I say, DON’T even try or think about giving one.


They might get annoyed. Even if it is constructive.

Back when I had only little expereince with running, I remember a veteran runner hand me a couple of unsolicited coaching.

My form was bad and I admit I wanted to learn how to do it “right” from him. Instead of being awed, he gave me an impression how big headed he was.

“The urge to share experiences and teach a thing or two to a fellow runner is normal. I want do it, you want do it and a lot of runners out there WANT do it.”

So how do you do it  WITHOUT being boastful?


4 Tips I Personally Use.

1. Tell me if my pace is fast or slow. – Coach ONLY when being asked. The person asking you probably has his or her own ideas and is just looking for a different perspective. Remember this all the time.

2. My workout is for a Half-Marathon. – You need to be honest. Really! You can’t expect to teach a person something without experience. Getting someone to do speedworkouts when you haven’t even done it yourself just ruins your reputation.

3. Coach to teach! – It is all about the person you are helping. Do it for the sake of giving advice and NOT talking about personal bests and finishers medals. They want to know how to get close to whatever it is that you accomplished. Show ’em how to do it!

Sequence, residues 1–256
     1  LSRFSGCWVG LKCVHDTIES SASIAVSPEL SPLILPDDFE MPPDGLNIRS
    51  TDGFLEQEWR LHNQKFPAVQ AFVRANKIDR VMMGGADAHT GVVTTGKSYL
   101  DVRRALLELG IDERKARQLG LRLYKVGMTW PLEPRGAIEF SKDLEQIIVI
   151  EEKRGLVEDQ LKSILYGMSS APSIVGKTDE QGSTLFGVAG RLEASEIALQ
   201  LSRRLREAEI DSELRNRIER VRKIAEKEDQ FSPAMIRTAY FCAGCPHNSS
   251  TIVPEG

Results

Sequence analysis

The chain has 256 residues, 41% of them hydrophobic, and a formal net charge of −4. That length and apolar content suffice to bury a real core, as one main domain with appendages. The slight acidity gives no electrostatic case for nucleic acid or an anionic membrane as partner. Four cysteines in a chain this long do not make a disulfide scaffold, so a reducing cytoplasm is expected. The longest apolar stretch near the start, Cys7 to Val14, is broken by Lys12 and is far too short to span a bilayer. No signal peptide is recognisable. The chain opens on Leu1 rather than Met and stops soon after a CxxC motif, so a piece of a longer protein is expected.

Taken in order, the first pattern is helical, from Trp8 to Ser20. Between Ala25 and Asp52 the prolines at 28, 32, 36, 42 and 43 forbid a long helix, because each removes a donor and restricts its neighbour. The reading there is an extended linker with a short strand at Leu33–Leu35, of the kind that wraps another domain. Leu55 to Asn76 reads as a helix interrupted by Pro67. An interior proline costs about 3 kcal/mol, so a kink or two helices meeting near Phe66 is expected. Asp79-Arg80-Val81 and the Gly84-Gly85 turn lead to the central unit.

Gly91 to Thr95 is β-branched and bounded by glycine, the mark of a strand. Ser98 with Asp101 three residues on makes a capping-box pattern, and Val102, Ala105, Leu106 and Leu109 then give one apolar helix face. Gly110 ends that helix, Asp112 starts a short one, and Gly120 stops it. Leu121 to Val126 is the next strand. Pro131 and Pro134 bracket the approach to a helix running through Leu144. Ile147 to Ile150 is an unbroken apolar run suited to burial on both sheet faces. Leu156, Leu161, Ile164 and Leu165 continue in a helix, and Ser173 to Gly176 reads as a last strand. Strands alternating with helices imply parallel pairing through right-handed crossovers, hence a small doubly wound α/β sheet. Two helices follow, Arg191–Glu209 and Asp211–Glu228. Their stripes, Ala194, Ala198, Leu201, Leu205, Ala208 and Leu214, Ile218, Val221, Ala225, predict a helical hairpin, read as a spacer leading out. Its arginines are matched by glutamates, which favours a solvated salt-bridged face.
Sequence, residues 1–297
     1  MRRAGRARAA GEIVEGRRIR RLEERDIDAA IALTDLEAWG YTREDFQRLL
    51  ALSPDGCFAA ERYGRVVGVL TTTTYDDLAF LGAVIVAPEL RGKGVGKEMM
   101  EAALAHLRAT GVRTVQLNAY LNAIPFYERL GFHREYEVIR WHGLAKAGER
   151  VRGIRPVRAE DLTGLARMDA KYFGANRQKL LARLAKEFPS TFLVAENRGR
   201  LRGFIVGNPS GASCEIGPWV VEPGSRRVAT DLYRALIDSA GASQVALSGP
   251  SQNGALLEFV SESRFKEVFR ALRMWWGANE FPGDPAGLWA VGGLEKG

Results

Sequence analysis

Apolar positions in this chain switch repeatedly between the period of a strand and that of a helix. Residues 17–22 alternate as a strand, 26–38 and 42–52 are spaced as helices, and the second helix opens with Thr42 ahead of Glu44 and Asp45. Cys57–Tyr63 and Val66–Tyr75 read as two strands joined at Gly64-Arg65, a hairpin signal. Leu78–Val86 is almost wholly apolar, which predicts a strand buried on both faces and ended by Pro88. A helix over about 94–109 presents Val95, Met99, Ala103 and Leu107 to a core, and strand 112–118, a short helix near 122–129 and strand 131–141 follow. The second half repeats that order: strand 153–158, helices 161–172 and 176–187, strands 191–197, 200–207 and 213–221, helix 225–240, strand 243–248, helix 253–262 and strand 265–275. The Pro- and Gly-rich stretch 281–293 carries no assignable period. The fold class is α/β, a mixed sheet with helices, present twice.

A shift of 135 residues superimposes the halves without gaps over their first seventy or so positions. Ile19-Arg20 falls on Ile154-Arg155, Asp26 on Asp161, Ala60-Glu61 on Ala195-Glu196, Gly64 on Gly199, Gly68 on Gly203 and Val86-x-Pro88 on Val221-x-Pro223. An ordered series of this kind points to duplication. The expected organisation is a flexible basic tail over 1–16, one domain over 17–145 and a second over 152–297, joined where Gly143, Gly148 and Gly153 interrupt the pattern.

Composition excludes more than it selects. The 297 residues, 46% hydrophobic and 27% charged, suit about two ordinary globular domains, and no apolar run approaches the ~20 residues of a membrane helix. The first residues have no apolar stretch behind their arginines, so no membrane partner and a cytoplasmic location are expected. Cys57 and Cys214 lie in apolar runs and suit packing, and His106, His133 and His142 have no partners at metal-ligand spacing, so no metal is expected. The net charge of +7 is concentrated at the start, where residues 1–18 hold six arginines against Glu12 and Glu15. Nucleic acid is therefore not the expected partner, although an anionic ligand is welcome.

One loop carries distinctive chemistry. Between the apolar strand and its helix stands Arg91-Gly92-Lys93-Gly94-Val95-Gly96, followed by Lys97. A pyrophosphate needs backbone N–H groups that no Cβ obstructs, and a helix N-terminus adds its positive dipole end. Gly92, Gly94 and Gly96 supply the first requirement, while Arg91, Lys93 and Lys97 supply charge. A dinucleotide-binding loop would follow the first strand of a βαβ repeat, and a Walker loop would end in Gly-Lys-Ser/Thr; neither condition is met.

4. Superman CAN’T stand kryptonite. – Tell your setbacks, failures or injuries. Acknowledge your weaknesses and how you overcome them. It raises your believability and shows them that what you are teaching is not just some shit you read in the internet last night.

The Lazy List
Coach when being asked,  be honest, teach what the person needs to learn and acknowledge your failures.

Now I want to hear from you. Which of the tips are you planning to use? Do you have techniques you would like to share? Let me know by leaving a comment.

Simple. Practical. No nonsense- ezRunner.

Slow Runs Will Make You Run Faster – Three Personal How To Do It Tips.

Endurance first, speed later.